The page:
FRANKFORT — Kentucky's high-dollar, low-blow U.S. Senate race will get most of the headlines this year, but it's the battle for control of the Kentucky House that might alter the lives of Kentuckians almost immediately.
If Republicans take the House in November, a goal requiring five more of the chamber's 100 seats, a wide range of laws would probably change within months, but none likely faster than those concerning women's access to abortion.
Every year, anti-abortion bills sail out of the Republican-led Senate with huge majorities, only to get stuck in the House Health and Welfare Committee alongside anti-abortion bills filed in the House.
Chairman Tom Burch, D-Louisville, is pro-choice, as is more than half of his committee. Burch keeps anti-abortion bills off the House floor, shielding the Democratic majority from votes that many prefer to avoid.
But a Republican House speaker backed by a GOP majority would change all that, say anti-abortion lawmakers and activists. Kentucky could start passing new restrictions on abortion, joining states like Texas and Arkansas, where the subject is a constant source of debate and lawsuits.
"It would be one of the greatest blessings of our lives," said Margie Montgomery, executive director of the Kentucky Right to Life Association.
"We have the votes. We have a pro-life state," Montgomery said. "And we have lawmakers who are chomping at the bit to pass these laws as soon as they're given the chance."
Democratic Gov. Steve Beshear, who leaves office at the end of next year, is moderate on social issues and might veto some anti-abortion bills. However, a majority of both legislative chambers could vote to override any veto by Beshear. He would not be much of an obstacle for a Republican-led House and Senate.
If Kentucky jumps into the abortion controversy, it would follow the national trend. In recent years, as the U.S. Supreme Court upheld women's right to end their pregnancies, the political fight shifted away from Washington and toward the 50 state capitals.
More than 200 state laws passed around the country since 2010 have chipped away at access — shutting abortion clinics with stricter licensing requirements; driving up medical costs for patients; requiring multiple visits, counseling and fetal ultrasound viewing; and banning abortion in both earlier and later stages of pregnancy, among other approaches.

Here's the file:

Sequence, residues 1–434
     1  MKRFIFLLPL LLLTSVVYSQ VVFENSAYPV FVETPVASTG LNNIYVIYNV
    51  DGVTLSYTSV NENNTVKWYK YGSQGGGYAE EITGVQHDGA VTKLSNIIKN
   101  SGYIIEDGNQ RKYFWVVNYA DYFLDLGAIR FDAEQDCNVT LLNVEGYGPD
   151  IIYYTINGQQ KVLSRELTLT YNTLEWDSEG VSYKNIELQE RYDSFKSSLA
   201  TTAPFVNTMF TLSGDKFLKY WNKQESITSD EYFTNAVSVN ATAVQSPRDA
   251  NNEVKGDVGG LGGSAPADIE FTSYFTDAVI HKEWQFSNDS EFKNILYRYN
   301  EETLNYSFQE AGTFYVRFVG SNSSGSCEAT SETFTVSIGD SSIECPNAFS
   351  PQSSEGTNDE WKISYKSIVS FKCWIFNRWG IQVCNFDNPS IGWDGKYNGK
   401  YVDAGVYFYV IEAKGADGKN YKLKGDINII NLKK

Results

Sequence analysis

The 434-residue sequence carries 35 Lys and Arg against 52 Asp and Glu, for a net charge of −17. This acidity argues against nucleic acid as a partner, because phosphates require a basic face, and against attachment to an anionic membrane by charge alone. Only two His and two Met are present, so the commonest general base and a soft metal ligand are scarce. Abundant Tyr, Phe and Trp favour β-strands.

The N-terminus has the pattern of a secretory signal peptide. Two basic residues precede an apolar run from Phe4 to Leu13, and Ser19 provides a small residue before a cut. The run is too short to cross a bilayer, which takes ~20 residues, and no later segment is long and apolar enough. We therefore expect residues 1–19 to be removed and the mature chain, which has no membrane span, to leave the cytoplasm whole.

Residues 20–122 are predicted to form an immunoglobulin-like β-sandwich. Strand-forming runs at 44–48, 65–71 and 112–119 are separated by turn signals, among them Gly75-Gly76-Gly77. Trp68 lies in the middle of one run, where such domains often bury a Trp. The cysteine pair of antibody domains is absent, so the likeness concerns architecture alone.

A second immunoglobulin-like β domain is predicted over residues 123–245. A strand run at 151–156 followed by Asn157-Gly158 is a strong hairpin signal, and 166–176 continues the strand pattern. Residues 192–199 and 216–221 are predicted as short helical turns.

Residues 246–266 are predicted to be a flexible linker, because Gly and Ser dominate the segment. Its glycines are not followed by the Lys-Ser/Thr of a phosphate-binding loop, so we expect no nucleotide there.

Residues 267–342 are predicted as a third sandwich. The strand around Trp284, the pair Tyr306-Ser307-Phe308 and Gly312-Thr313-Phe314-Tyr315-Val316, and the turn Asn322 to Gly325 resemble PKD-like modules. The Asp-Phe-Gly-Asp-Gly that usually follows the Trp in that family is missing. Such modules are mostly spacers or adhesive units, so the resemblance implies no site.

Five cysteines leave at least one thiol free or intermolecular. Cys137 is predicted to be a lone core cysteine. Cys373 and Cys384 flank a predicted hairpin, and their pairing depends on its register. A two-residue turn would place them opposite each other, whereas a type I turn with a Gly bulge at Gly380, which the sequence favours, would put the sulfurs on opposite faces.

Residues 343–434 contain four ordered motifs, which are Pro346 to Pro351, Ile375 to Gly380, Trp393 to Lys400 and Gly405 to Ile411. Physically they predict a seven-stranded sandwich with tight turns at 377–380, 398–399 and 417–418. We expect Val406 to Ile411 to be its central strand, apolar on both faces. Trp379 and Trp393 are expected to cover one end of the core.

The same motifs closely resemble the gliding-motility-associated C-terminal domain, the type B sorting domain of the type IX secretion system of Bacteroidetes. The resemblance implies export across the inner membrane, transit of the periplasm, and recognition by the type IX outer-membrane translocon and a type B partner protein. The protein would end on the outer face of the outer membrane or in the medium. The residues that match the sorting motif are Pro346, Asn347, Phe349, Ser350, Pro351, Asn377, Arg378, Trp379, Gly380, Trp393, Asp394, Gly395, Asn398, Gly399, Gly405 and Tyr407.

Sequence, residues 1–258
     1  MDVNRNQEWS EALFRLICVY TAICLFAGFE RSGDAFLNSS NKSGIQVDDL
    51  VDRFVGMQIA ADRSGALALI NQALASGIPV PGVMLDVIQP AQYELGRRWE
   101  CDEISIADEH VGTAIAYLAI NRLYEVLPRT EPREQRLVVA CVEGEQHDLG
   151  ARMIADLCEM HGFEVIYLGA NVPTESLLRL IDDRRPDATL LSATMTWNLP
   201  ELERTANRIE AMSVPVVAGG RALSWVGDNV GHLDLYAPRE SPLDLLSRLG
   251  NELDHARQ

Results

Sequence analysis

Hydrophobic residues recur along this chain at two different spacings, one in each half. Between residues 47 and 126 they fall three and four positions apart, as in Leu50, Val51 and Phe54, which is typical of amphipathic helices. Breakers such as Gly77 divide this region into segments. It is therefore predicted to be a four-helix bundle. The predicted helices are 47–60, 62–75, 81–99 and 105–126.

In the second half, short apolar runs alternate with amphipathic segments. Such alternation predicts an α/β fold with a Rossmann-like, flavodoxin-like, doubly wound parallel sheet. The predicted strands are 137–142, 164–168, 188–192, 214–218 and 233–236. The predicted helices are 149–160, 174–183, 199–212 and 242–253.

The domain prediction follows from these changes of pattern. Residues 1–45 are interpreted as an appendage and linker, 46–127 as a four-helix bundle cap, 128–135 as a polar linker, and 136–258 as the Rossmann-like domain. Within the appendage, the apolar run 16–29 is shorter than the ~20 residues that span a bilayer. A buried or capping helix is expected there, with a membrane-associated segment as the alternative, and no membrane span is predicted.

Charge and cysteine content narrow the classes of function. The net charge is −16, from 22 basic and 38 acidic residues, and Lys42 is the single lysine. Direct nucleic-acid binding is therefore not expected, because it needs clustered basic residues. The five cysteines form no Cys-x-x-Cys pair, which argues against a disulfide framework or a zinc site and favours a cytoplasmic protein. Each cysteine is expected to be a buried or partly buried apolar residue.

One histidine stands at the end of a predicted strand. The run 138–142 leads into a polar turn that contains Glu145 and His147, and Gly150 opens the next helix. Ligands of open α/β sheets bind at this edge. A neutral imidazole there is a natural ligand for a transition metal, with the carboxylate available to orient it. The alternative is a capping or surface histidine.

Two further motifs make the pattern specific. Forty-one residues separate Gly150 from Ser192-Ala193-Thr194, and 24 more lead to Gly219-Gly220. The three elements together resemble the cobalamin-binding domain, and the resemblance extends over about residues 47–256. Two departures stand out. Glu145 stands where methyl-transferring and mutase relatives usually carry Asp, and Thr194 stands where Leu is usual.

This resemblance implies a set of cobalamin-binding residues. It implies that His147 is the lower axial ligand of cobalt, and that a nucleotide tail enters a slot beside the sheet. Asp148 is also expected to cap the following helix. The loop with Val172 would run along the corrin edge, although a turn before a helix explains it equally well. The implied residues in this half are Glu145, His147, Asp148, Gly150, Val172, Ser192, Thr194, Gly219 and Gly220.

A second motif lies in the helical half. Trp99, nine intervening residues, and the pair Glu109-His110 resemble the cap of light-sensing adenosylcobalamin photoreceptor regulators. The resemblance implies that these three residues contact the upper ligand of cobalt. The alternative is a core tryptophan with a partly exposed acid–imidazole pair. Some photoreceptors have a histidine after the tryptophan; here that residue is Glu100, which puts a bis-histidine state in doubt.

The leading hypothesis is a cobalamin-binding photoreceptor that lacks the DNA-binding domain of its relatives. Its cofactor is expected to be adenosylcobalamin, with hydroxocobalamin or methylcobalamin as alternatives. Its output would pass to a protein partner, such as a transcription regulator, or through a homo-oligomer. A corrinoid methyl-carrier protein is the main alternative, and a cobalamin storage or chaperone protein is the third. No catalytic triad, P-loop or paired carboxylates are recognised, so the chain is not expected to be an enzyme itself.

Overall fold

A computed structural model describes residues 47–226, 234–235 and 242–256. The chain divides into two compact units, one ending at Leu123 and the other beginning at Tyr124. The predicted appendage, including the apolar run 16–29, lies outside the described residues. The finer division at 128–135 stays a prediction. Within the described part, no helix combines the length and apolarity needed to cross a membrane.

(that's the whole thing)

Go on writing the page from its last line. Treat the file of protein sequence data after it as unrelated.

'Look at Texas'
With state-by-state battles raging, women's access to abortion depends a lot on where they live.
In Southern and Western states that have Republican-majority legislatures, restrictions are most severe. In the Northeast and on the West Coast, where Democrats run most legislatures, access is less restricted, if not protected outright by state and local laws.
For example, North Dakota banned abortions as early as six weeks after fertilization, before many women even realize they are pregnant. It's also putting a measure on the ballot in November asking voters to approve "personhood" rights that start at the moment of conception, potentially banning not just abortions but also some infertility treatments and stem cell research.
At the same time, Massachusetts established 35-foot "no-protest" buffer zones around abortion clinics to make visits easier for patients.
Both of those laws have been challenged in federal courts, as have many others related to abortion.
Only five states divide their legislatures between the two political parties, allowing neither complete control. Kentucky is one of those.
"It doesn't take a rocket scientist to figure out what would happen if Republicans get hold of this place," Burch said last week, sitting on the House floor.
"Just look at states where Republicans control everything," Burch said. "Look at Texas. That will be us. Our Senate pops out these abortion bills without even reading them, and they come to die in a House committee. That won't happen anymore. Now they'll be our laws."
Abortions on decline
Abortions already are too hard to get in Kentucky for a legal medical procedure, said Derek Selznick, Reproductive Freedom Project Director at the ACLU of Kentucky.
The state is 380 miles wide but has only two abortion clinics — one in Louisville that operates five days a week and another in Lexington that operates two days a week.